The patient diagnosed with Ebola in Dallas has been identified as a Liberian man named Thomas Eric Duncan, NBC News has confirmed.
He is believed to have flown to the United States via two United Airlines flights, first flying from Brussels to Washington, D.C., and then taking a connecting flight to Dallas-Fort Worth.
United said Wednesday that it believes the patient, whom it did not identify, flew from Brussels to Washington Dulles on Flight 951 on Sept. 20, and then, three hours later, from Washington Dulles to Dallas-Fort Worth on Flight 822 that same day.
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The airline, reiterating what health officials have said, said that there was "zero risk of transmission" on any flight Duncan flew, because he didn't begin to show symptons until several days later.
The New York Times reported that Duncan may have become infected in Liberia on Sept. 15, when he helped carry his landlord's gravely ill daughter to the hospital. She died the next day.
Earlier this month, Duncan was completing an employment contract with a shipping company in Liberia's capital city of Monrovia. When that contract expired, he used a visa to travel to Dallas to visit family, well within the virus' 21-day incubation period.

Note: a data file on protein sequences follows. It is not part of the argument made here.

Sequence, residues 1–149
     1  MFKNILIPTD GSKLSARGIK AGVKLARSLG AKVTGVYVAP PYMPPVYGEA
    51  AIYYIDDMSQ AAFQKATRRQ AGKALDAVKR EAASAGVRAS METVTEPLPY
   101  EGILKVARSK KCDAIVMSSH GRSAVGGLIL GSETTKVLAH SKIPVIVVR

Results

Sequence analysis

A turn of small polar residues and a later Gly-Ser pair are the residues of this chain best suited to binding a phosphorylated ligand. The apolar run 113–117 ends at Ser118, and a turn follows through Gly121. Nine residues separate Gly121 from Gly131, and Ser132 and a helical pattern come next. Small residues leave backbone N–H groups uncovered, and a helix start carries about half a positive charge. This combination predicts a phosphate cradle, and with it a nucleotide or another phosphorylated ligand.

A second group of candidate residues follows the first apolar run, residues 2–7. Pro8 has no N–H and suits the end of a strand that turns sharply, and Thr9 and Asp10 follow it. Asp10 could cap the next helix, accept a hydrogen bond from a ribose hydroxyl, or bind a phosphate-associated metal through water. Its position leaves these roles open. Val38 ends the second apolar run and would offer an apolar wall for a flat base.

Duncan arrived in Dallas on Sept. 20 and began showing symptoms on Sept. 24, U.S. health officials said Tuesday.
Texas Health Presbyterian Hospital in Dallas said Wednesday that Duncan sought medical care after 10 p.m. Sept. 25 and had only a low-grade fever and abdominal pain.
"His condition did not warrant admission. He also was not exhibiting symptoms specific to Ebola," the hospital said in statement Wednesday. "The patient returned via ambulance on Sunday, Sept. 28, at which time EMS had already identified potential need for isolation. The hospital followed all suggested CDC protocols at that time."
A specimen sent to a state lab in Austin confirmed Tuesday that Duncan had contracted Ebola. Those test results were then confirmed by the Centers for Disease Control and Prevention in Atlanta.
In the days since Duncan left Liberia, his landlord's son, who had helped them carry his sister to the hospital, also died after a short, severe illness, the Times reported. Two other people in Liberia who may have had contact with the woman have also reportedly died.
Meanwhile, health officials in Dallas are monitoring as many as 18 people, including five children and an ambulance crew of three, who have been in contact with Duncan.
The schoolchildren and firefighters are all being isolated at home and will be monitored for 21-days from their date of exposure.
The four schools attended by the five students — Dan D. Rogers Elementary School, L.L. Hotchkiss Elementary School, Sam Tasby Middle School and Emmett J. Conrad High School — all remain open but will be thoroughly cleaned, Dallas Independent School District Superintendent Mike Miles said Wednesday.
None of those being monitored are currently showing any signs of Ebola, and state and federal health officials say no other suspected cases of Ebola exist in the United States.
NBC 5's Scott Gordon contributed to this report.